What Habits Can Make Entrepreneurs in Asia Stay Inspired All Year Long?
Call them resolutions, but they’re really powerful little tweaks
PHOTO CREDIT: Getty Images
I don't make new year's resolutions. I figure I'm a work in progress all year long. And I'm already dedicated and disciplined as evidenced by my 5 a.m. daily exercise routine alone.
As I look ahead to 2018, I'm excited for what's in store for my public relations and communications business. I'm looking forward to making some tweaks that I expect to keep me energized all year long. You can call them resolutions if you like. Here are the four things I'm doing and that I'd recommend to other entrepreneurs who are seeking renewal and ways to stay inspired for the next 12 months and beyond.
1. Work remotely one day a week.
When not out meeting with clients and prospects, I'm working from my home office, or, ahem, kitchen table. I love it. However, the other day I felt compelled to head out, laptop in tow, to a new bustling French pastry and coffee shop not too far from my house. I loved that, too. The smell of butter, the background noise, the colorful atmosphere. I got so much done without the distractions -- puppy, work-from-home husband, household chores -- of home. It felt new and energizing, and that wasn't just my imagination. Research proves that moderate levels of ambient noise can boost performance on creative tasks. I'm making Friday my work away from home day, so I can look forward to it all week.
2. Keep one day a week free of meetings and conference calls.
This is about two things: preserving my energy while being more efficient with my time. I need some down time, outside of meetings and conference calls, so that I can focus on my work. It's hard to buckle down on projects and writing when I have to run out each day for a meeting. There have been times when I've looked ahead to the next week and seen meetings sprinkled inconveniently throughout those next five days -- and poof there went my energy and creativity. Again, I'm thinking Friday is my day.
3. Start talking nicer to and about myself.
I've written before about how our inner narratives are important. Sometimes we need to give ourselves a pep talk or listen to our theme song. I recently was reminded of the power of our own words via Monarch, a not-for-profit organization that provides support to thousands of people in North Carolina with intellectual and developmental disabilities, mental illness and substance use disorders. I was at one of Monarch's group homes for a local TV station a story about a resident there who is blind and intellectually and developmentally disabled and an expert piano player. For an hour, Olivia Walker played songs -- Christmas carols, church hymns, Whitney Houston's "I Will Always Love You" -- on the piano. And after each one, she asked with glee "Did I kill it?" Gosh, what if we all talked to ourselves and about ourselves like that? I've told a few friends this story, and since then, when we talk or email we let each another know she's "killing it." At the end of a particularly good work day, I tell remind myself I'm crushing it. To a large degree, we create our own narratives and our own reality.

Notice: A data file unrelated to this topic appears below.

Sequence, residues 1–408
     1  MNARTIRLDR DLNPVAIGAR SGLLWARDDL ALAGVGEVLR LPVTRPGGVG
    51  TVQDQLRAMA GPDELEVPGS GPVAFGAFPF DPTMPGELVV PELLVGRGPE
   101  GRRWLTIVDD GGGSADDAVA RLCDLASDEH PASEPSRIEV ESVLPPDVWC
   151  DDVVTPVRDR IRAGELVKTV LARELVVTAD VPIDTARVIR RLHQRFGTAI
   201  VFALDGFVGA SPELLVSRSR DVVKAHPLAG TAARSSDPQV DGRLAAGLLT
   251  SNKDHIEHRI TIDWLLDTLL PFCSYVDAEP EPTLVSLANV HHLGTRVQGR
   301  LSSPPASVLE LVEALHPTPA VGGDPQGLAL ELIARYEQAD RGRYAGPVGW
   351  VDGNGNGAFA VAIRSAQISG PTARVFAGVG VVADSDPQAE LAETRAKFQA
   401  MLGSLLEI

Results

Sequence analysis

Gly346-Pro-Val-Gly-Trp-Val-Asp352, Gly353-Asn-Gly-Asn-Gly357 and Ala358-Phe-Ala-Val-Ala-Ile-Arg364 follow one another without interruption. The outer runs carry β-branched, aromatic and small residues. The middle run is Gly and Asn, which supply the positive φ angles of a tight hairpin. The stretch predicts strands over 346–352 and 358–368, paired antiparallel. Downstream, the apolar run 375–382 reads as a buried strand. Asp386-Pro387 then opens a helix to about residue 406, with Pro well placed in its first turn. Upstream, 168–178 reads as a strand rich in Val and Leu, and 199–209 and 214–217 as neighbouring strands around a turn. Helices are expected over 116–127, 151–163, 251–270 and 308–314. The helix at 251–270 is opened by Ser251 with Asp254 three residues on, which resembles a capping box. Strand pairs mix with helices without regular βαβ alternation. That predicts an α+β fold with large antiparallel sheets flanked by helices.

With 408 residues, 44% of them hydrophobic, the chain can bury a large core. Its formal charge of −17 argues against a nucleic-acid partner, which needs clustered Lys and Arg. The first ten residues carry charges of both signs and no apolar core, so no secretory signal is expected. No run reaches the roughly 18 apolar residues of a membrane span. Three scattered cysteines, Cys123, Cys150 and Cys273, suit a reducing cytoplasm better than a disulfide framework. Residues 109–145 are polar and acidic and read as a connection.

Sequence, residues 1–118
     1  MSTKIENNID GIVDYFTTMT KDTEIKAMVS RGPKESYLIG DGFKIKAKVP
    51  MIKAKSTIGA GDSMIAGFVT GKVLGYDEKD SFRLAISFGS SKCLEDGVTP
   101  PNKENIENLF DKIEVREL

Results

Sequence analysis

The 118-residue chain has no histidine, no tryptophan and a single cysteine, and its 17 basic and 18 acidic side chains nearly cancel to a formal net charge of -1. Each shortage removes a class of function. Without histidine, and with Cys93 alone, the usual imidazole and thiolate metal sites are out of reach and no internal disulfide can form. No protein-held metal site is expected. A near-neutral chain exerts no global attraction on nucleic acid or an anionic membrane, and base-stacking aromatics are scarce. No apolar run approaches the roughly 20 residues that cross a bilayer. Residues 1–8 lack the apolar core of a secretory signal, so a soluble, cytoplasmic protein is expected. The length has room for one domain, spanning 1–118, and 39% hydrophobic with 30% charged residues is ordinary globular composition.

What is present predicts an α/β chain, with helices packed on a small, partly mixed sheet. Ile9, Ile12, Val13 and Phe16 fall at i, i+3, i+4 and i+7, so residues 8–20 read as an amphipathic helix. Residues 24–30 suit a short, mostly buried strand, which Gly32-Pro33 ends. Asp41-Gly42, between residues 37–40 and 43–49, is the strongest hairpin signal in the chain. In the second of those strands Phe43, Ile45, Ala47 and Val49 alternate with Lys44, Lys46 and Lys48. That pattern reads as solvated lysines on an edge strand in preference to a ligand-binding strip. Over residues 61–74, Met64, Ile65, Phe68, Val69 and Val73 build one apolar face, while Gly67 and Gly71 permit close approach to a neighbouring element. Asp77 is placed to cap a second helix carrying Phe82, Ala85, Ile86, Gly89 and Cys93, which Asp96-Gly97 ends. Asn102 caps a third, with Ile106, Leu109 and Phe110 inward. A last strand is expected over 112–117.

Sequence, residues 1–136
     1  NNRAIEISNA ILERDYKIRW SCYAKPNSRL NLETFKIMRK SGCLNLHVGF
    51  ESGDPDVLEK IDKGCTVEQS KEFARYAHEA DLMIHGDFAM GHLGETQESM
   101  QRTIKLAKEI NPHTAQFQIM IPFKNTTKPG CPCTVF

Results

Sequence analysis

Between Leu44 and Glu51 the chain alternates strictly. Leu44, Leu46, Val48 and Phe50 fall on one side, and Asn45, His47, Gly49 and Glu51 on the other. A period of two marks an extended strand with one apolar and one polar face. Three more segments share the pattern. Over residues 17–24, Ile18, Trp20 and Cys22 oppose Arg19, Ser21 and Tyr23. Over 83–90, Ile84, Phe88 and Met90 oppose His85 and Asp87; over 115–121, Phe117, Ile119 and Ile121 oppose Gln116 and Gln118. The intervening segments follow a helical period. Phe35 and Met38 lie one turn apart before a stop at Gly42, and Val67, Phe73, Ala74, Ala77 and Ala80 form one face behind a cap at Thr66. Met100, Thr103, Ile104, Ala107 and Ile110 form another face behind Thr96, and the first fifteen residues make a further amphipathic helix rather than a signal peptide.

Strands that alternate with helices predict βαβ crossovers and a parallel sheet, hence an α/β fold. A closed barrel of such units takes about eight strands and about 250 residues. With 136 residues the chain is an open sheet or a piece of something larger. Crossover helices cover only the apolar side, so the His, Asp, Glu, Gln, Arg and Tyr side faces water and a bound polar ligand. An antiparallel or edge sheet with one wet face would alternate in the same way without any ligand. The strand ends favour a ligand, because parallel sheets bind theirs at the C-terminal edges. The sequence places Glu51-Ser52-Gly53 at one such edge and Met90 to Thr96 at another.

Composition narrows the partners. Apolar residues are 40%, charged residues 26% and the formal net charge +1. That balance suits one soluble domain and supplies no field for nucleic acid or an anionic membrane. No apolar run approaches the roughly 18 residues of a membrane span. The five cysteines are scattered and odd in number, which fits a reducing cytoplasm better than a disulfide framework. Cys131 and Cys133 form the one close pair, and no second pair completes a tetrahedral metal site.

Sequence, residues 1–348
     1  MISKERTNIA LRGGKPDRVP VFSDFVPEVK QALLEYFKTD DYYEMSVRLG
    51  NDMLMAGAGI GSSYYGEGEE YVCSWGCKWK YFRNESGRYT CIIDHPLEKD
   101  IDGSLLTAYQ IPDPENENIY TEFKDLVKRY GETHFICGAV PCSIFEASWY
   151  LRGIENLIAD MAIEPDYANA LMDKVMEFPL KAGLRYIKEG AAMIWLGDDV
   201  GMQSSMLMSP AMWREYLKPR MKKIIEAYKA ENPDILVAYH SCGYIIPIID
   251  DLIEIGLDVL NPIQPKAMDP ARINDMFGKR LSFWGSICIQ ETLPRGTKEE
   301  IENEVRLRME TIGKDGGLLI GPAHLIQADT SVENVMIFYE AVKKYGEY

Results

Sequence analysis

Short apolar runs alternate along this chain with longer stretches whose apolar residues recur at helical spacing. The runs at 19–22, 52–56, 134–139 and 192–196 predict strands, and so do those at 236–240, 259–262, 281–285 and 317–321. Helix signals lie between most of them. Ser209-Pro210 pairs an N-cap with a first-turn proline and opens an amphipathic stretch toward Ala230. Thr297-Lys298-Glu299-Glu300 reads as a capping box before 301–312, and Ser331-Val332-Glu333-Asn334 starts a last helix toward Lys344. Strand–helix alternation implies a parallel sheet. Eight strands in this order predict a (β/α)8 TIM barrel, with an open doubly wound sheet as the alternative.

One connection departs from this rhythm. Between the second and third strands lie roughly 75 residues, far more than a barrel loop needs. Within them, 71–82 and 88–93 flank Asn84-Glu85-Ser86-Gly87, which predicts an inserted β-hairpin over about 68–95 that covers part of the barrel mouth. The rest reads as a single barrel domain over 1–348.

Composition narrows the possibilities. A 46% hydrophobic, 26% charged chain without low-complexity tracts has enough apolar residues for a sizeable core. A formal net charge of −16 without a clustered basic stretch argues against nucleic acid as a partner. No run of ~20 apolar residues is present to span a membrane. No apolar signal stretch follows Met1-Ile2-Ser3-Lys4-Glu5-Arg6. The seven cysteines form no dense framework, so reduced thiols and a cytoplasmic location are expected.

4. Stop talking about being busy.
When I hear people talk about how busy they are, I feel a lot of things. Bored. Defensive. Unimportant. Who isn't busy? What makes you so special? Are we competing for bragging rights as to who's the busiest here? Yawn. Boring and not good for business. Think about it. Do you want to do business with someone who's "so busy" or "having a crazy week?" I'd rather work with folks who say things like "I'm so happy to see you!" or "I'm having a great week!"
I'm happy and excited to share my little tweaks with you. I heard someone say that being an entrepreneur is 90 percent what's going on in your head, so you could say this is about clearing the cobwebs and preparing to kill it in 2018.